I tackled Emile Zola’s The Drinking Den before, but gave up after reading the first couple of chapters. I stuck with it this time and finished all thirteen chapters. It wasn’t like War and Peace, where when I finished it I expected a librarian (in pre-Covid times) to rush up and pin a medal to my tracky top. Nor was it like Zola’s Germinal or The Earth which I ripped through. When I turned the final page I felt a sense of relief. Job done, but if Zola hadn’t been Zola (if you know what I mean, with his reputation preceding him) I wouldn’t have bothered.
The plot of The Drinking Den is quite simple. It follows the ascent and fall of the laundress Gervaise Macquart over a twenty year period from the working-class slums of Paris around 1850. When the reader first meets her she has two young children, Claude who was eight and Etienne (who appears I Germinal) who is four. She was pregnant aged fourteen to Lantier, who was eighteen. He brought her from Plassans to Paris, but leaves her and his children destitute after taking the last five francs for himself.
Zola’s strength is showing not only how things look but how much they cost. When, for example, Lantier asks if she’s got any money, her reply sets the tone.
‘Money! Where do you expect me to steal it from? You know I got three francs the day before yesterday on the black skirt. We’ve had two meals out of it: those cooked meats don’t last long…I’ve got four sous for the wash…I don’t earn it the way some women do.’
Old Columbe’s drinking den was on the corner of the Rue des Poissnneirs and the Boulevard de Rochechouart and would be recognisable to Parisians of the time. Old Columbe was serving four sous’s worth of liquor in a cup to a little girl aged about ten. It cost four sous to get your washing done and four sous to get soaked.
Here we meet the roofer, Coupeau, in his workman’s smock and blue linen cap. He can’t understand how men can drink such spirits straight down. He’s in his thirties with good teeth and good intentions. He’s in love with the blonde-haired Gervaise and begs her to give him a chance. Her limp is hardly noticeable he insists and her children are still small. But she’s finding her feet after Lantier’s sudden disappearance. She’s had a fight with Virginie which she’d triumphed and has steady work with Madame Fauconnier and has no time for frivolity. She’s on the up and up, but modest. A Victorian narrative dressed up in different clothes of a woman achieving happiness through a decent and happy marriage (to the likes of Bijou).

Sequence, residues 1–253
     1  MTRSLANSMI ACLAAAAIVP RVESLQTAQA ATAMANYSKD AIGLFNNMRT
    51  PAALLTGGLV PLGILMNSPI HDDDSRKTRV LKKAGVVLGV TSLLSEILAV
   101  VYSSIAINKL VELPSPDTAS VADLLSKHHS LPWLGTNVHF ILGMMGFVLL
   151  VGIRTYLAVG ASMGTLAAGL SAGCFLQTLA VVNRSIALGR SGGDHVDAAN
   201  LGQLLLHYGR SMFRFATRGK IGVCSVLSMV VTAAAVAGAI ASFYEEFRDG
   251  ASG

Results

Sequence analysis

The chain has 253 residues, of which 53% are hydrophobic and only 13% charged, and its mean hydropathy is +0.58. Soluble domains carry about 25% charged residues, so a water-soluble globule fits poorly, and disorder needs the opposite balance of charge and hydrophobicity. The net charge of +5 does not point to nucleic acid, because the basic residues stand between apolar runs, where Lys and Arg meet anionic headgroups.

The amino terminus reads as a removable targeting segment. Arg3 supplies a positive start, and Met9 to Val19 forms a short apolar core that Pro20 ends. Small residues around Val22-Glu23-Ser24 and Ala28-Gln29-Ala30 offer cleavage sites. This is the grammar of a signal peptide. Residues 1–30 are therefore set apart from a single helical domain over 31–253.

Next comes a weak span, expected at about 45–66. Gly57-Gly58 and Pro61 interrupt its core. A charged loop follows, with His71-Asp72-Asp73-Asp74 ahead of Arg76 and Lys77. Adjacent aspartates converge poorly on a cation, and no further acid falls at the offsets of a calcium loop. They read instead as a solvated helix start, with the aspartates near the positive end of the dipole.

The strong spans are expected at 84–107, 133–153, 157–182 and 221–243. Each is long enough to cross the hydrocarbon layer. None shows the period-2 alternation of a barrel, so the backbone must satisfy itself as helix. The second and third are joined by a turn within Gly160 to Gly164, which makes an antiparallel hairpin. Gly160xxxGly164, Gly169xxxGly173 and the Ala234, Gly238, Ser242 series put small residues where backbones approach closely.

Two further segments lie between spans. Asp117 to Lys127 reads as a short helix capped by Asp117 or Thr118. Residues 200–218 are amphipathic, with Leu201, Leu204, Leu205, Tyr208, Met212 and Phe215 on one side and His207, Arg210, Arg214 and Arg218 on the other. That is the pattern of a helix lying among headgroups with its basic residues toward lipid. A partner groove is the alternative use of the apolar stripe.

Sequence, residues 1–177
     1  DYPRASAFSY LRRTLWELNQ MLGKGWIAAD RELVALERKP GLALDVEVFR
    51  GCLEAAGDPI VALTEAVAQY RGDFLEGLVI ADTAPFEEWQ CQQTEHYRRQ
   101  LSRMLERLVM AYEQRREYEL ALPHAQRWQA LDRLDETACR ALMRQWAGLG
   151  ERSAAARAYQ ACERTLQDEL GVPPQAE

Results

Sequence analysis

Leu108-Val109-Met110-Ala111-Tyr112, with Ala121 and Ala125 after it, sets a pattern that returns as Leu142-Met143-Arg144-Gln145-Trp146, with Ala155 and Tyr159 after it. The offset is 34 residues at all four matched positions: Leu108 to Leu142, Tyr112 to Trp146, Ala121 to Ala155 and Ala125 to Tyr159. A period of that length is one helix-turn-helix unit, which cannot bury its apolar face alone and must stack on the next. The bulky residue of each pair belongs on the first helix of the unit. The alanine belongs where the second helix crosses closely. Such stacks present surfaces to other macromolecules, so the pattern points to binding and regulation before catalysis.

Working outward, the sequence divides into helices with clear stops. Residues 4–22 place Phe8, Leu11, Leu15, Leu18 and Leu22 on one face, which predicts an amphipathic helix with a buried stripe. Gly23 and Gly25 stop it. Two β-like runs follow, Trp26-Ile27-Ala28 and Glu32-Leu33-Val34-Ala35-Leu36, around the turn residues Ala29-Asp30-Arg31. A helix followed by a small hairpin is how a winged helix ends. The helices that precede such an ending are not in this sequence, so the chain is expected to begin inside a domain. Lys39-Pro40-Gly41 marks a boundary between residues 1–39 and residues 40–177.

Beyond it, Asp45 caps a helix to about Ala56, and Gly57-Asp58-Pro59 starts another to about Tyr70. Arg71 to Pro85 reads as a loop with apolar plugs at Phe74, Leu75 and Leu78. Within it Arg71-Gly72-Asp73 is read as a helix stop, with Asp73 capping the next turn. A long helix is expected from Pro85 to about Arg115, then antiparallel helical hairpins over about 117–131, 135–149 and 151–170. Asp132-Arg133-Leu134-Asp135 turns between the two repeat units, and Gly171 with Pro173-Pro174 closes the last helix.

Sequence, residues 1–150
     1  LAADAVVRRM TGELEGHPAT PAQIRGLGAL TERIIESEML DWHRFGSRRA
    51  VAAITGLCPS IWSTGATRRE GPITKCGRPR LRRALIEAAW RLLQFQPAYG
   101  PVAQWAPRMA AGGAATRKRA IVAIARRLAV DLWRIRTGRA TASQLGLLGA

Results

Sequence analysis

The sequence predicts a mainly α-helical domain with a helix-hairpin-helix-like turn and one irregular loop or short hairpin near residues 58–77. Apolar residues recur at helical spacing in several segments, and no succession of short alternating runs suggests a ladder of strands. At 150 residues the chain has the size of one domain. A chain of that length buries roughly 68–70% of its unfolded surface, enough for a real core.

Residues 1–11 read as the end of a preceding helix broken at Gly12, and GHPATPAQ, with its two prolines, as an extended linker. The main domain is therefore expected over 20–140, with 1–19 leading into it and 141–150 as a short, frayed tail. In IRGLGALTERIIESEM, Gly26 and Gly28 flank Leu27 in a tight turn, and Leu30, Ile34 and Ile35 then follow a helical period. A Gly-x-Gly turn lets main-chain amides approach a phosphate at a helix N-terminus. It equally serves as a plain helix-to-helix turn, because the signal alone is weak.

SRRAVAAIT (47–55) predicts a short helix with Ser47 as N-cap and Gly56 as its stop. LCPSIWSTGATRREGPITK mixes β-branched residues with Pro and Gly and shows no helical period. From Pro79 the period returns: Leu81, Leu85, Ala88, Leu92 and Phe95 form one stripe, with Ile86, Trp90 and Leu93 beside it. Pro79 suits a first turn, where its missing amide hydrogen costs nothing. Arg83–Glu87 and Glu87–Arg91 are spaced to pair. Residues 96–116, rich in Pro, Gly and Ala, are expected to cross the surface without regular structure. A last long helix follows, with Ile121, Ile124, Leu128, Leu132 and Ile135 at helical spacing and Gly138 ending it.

‘Heavens! I’m not ambitious, I don’t ask for much…My dream would be to work quietly, eat bread every day and have a fairly decent place to sleep: you know, a bed, a table, two chairs, nothing more…Oh, I’d also like to bring up my children and make good citizens of them, if I could…If there was anything else I’d like, it’s not to be hit, if I ever settle down with someone…it would be nice to die in my bed, at home.’
Contrast this modesty with her daughter Nana. ‘She had the large eyes of a perverted child’. Slut, harlot, prostitute is the way Zola describes her. The watchmaker’s daughter is painted in a similar way; incest between her and her father is in the way she flings her hips and flaunts herself.
‘Nana was sent to sleep at the Boches, and she cried.’ She was looking forward to sleeping in the big bed with ‘her good friend Lantier’.
The saintly Lalie, who watches her mum beaten to death by her father, becomes a little mum to her brother and sister. And while being whipped and beaten to death herself by her father and tied to the bed so she can’t stray, doesn’t waste time, but knits. Her last words mirroring the biblical forgive him he knows not what he does, while her drunken father weeps.
Later, she (and the narrator, Zola) reflects poverty kills them, but not quickly enough. Old Columbe’s drinking den is lit up like a cathedral for high mass.
Funerals cost money, around ninety francs. An average workman earns three to four francs a day. Goujet, who is in love with Gervaise, is paid around 12 francs a day for making bolts. This is later reduced to 9 francs a day. His mother is a spendthrift, budgeting for better days and they bank Gervaise’s rise and fall. We are at the heart of the French industrial revolution, but something is lost in translation and characters become clichéd as the language used.